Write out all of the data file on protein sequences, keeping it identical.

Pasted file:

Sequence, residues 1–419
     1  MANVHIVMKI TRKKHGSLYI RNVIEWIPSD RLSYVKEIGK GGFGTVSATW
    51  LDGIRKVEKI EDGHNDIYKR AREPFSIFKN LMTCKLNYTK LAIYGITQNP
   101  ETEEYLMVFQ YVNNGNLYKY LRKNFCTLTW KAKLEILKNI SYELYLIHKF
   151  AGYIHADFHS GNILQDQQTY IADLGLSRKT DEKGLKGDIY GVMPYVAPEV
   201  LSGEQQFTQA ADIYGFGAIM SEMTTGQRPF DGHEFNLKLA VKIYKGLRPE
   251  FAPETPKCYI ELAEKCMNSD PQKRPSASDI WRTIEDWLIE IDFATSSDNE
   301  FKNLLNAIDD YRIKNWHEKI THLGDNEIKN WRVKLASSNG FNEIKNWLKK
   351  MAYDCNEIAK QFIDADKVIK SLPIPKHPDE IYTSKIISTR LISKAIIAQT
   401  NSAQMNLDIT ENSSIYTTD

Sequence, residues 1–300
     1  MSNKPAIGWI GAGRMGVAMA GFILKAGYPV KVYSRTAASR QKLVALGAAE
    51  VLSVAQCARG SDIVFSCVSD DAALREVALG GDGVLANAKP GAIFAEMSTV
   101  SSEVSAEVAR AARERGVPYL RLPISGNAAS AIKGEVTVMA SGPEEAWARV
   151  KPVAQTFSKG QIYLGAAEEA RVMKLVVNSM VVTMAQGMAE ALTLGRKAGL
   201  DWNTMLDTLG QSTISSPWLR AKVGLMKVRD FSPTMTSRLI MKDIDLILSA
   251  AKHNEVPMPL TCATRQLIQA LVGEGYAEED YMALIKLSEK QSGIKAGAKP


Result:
Sequence, residues 1–419
     1  MANVHIVMKI TRKKHGSLYI RNVIEWIPSD RLSYVKEIGK GGFGTVSATW
    51  LDGIRKVEKI EDGHNDIYKR AREPFSIFKN LMTCKLNYTK LAIYGITQNP
   101  ETEEYLMVFQ YVNNGNLYKY LRKNFCTLTW KAKLEILKNI SYELYLIHKF
   151  AGYIHADFHS GNILQDQQTY IADLGLSRKT DEKGLKGDIY GVMPYVAPEV
   201  LSGEQQFTQA ADIYGFGAIM SEMTTGQRPF DGHEFNLKLA VKIYKGLRPE
   251  FAPETPKCYI ELAEKCMNSD PQKRPSASDI WRTIEDWLIE IDFATSSDNE
   301  FKNLLNAIDD YRIKNWHEKI THLGDNEIKN WRVKLASSNG FNEIKNWLKK
   351  MAYDCNEIAK QFIDADKVIK SLPIPKHPDE IYTSKIISTR LISKAIIAQT
   401  NSAQMNLDIT ENSSIYTTD

Sequence, residues 1–300
     1  MSNKPAIGWI GAGRMGVAMA GFILKAGYPV KVYSRTAASR QKLVALGAAE
    51  VLSVAQCARG SDIVFSCVSD DAALREVALG GDGVLANAKP GAIFAEMSTV
   101  SSEVSAEVAR AARERGVPYL RLPISGNAAS AIKGEVTVMA SGPEEAWARV
   151  KPVAQTFSKG QIYLGAAEEA RVMKLVVNSM VVTMAQGMAE ALTLGRKAGL
   201  DWNTMLDTLG QSTISSPWLR AKVGLMKVRD FSPTMTSRLI MKDIDLILSA
   251  AKHNEVPMPL TCATRQLIQA LVGEGYAEED YMALIKLSEK QSGIKAGAKP